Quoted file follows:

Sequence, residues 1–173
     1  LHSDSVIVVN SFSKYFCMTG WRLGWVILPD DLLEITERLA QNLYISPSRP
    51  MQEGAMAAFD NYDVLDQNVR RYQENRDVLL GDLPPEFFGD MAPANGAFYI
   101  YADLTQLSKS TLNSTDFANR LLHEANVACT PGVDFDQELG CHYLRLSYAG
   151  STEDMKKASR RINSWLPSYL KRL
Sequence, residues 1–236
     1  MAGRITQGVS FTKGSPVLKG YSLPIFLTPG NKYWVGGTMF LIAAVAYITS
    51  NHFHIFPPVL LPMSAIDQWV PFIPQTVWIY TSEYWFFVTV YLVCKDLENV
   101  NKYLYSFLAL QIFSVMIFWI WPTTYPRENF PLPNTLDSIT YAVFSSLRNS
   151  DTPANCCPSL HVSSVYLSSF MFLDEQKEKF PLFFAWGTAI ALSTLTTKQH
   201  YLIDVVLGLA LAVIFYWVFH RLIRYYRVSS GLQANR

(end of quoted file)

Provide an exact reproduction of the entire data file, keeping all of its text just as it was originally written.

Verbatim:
Sequence, residues 1–173
     1  LHSDSVIVVN SFSKYFCMTG WRLGWVILPD DLLEITERLA QNLYISPSRP
    51  MQEGAMAAFD NYDVLDQNVR RYQENRDVLL GDLPPEFFGD MAPANGAFYI
   101  YADLTQLSKS TLNSTDFANR LLHEANVACT PGVDFDQELG CHYLRLSYAG
   151  STEDMKKASR RINSWLPSYL KRL
Sequence, residues 1–236
     1  MAGRITQGVS FTKGSPVLKG YSLPIFLTPG NKYWVGGTMF LIAAVAYITS
    51  NHFHIFPPVL LPMSAIDQWV PFIPQTVWIY TSEYWFFVTV YLVCKDLENV
   101  NKYLYSFLAL QIFSVMIFWI WPTTYPRENF PLPNTLDSIT YAVFSSLRNS
   151  DTPANCCPSL HVSSVYLSSF MFLDEQKEKF PLFFAWGTAI ALSTLTTKQH
   201  YLIDVVLGLA LAVIFYWVFH RLIRYYRVSS GLQANR